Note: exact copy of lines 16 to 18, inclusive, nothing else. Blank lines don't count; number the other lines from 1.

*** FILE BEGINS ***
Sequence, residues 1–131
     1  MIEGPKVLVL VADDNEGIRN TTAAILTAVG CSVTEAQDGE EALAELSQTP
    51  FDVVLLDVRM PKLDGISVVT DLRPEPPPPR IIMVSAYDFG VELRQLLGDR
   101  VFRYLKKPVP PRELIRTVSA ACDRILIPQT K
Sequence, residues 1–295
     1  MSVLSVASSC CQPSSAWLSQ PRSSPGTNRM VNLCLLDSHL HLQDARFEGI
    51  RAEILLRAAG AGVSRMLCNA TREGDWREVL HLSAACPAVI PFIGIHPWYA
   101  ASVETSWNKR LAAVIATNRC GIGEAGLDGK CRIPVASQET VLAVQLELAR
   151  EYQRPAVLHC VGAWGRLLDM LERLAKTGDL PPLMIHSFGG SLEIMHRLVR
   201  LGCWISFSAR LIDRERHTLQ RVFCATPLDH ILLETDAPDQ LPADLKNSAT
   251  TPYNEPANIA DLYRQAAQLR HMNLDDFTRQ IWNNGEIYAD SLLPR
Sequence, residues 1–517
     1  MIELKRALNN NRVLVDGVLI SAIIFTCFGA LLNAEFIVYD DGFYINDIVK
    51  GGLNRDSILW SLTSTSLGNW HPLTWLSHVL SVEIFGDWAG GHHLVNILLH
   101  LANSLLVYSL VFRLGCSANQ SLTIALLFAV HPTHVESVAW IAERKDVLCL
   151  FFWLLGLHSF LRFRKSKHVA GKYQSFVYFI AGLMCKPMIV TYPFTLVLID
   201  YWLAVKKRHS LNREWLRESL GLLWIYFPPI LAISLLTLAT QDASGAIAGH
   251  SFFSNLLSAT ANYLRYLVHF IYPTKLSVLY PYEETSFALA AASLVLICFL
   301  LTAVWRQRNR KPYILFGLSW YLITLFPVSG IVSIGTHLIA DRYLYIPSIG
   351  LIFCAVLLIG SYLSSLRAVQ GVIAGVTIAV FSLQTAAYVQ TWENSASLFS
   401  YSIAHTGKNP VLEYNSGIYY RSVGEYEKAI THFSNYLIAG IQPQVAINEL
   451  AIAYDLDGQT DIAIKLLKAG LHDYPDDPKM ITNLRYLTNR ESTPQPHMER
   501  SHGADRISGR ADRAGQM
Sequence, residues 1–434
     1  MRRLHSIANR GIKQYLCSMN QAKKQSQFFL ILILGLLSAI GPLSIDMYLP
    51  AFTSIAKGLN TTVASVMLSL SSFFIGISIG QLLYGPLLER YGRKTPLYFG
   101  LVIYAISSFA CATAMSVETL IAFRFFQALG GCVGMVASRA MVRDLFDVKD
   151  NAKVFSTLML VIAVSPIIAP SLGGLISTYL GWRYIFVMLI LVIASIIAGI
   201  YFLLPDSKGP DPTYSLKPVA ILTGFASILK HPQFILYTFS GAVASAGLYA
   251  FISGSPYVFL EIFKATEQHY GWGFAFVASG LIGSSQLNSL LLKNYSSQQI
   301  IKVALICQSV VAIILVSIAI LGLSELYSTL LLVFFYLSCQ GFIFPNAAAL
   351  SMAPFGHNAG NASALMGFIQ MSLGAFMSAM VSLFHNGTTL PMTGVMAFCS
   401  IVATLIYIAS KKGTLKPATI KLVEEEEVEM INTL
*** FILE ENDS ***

   151  FFWLLGLHSF LRFRKSKHVA GKYQSFVYFI AGLMCKPMIV TYPFTLVLID
   201  YWLAVKKRHS LNREWLRESL GLLWIYFPPI LAISLLTLAT QDASGAIAGH
   251  SFFSNLLSAT ANYLRYLVHF IYPTKLSVLY PYEETSFALA AASLVLICFL